Pandharpur Palkhi is a 1000 year old tradition which was started by some of the renowned saints of Maharashtra and continues to be practised by their followers called warkaris (people who are with the palkhi or wari), in the Hindu month of ‘Ashadh’ (June- July) and ‘Karthik’ (November- December).
The Palkhi is followed by dindis, an organised group of warkaris, who dance and chant praises of Dnyanba-Tukaram (the famous Maharashtrian saints, Dnyaneshwar and Tukaram) through their entire journey from Alandi and Dehu to the holy town of Pandharpur. The procession reaches Pandharpur on the eleventh day of June and lasts for a period of 22 days.
Pandharpur, a small town in the district of Solapur, is one of the most prominent pilgrimage sites in Maharashtra. Owing to the half-moon-like shape of the town, Pandharpur is also known as Chandrabhaga. Located on the bank of the Bhima River, this place is named after a merchant, Pandarika who attained self realisation in this religious town. Pandharpur, on a whole, attracts four annual pilgrimages or yatras of Hindu devotees. Among them the yatras during the month of Ashadh (June – July) attracts the largest number of pilgrims.
The Palkhi festival was started by Narayan baba, the youngest son of saint Tukaram, in the year 1685. Diverting from the existing dindi-wari tradition of that time, Narayan baba along with his dindis started the palkhi containing the silver padukas (footsteps) and mask of saint Tukaram from Dehu and proceeded to Alandi to place the padukas of Saint Dnyaneshwar in the same palkhi before heading to Pandharpur. This practice continued until the year 1830 when disputes within the Tukaram family in regards to the right and privileges of the palkhi brought about a change in the tradition. So from 1830 onwards, the practice of the twin practice gave way to two separate palkhis of the two saints which start from their respective towns before meeting in Pune for a short stopover. There after the palkhis again take different paths from Hadapsar and again gather at Wakhri which is a small village located close to Pandharpur.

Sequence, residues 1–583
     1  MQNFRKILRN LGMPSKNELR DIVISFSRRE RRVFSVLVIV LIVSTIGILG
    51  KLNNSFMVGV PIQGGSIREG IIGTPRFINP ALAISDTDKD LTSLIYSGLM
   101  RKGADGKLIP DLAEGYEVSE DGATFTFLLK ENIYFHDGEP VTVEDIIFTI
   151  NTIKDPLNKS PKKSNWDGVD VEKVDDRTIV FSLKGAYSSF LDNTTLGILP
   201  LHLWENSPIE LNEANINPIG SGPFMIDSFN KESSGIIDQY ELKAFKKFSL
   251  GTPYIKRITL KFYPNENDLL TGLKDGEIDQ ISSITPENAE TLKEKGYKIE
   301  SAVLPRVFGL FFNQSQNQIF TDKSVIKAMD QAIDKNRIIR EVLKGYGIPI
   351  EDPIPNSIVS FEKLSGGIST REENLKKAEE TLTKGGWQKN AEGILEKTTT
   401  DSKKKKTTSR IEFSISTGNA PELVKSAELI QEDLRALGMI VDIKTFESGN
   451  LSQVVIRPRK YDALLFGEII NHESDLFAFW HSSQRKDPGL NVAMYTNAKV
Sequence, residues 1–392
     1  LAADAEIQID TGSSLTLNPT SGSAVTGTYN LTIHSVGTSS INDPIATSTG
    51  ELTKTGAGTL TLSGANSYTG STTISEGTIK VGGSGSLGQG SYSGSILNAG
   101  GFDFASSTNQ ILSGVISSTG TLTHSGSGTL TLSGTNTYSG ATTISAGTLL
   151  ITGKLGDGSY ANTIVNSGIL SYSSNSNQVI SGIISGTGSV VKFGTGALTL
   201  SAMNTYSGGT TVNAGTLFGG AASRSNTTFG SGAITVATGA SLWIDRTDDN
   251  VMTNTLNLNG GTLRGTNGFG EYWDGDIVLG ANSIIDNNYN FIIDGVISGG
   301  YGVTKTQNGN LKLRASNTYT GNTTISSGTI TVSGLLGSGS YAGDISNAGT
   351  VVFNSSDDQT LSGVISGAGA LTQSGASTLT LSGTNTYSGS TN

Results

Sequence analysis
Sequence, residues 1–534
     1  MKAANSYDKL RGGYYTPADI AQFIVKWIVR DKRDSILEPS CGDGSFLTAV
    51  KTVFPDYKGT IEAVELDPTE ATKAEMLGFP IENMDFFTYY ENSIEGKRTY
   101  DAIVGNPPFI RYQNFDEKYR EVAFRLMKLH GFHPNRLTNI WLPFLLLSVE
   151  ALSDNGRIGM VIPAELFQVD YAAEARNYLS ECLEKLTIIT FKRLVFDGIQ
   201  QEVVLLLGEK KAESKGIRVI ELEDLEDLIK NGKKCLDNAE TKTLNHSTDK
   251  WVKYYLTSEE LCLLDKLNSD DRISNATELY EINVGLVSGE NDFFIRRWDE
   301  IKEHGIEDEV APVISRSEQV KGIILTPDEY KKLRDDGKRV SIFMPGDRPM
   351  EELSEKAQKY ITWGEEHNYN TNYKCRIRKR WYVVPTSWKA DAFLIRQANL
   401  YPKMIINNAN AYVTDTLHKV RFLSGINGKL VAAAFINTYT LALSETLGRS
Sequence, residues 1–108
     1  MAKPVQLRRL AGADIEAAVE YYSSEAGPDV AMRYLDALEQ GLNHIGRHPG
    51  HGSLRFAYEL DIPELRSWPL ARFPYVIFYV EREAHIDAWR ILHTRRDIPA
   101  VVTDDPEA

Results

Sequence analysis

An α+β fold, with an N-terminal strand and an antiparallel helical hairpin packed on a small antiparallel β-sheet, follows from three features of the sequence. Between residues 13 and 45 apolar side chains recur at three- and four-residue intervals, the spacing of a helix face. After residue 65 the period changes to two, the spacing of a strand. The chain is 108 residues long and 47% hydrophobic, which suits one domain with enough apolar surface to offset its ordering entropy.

The Sant Tukaram Palkhi from Dehu village and the Sant Dnyaneshwar Palkhi from Alandi together account for more than 1.5 to 2 lacs devotees which take part in the procession or the palkhi festival every year. Excluding these two, a total of 41 other palkhis visit Pandharpur every year.
Pandharpur holds a lot of significance among Maharashtrians because it is home to the temple of Vithoba, better known as the Vithhal temple. ‘Viththal’, ‘Pandharinath’, ‘Vithoba’, which are the popular names of the deity, is regarded to be the God form of Lord Krishna in Hinduism who is also considered to be the 8th incarnation of Lord Vishnu. Stretching over a massive area, the Vitthal temple has a total of six gates and the one located to the eastern side is known as the “Namdev Gate”.
After the procession reaches the holy town, the temple gets flooded with Warkaris and the celebrations begin. The palkhi rituals are quite elaborate and can be only fully understood and appreciated by the followers of holy tradition or the Warkaris. Yet, the procession is still a lot of fun to watch because of the energy, the vibrant colours and the chanting.
For more details see these pages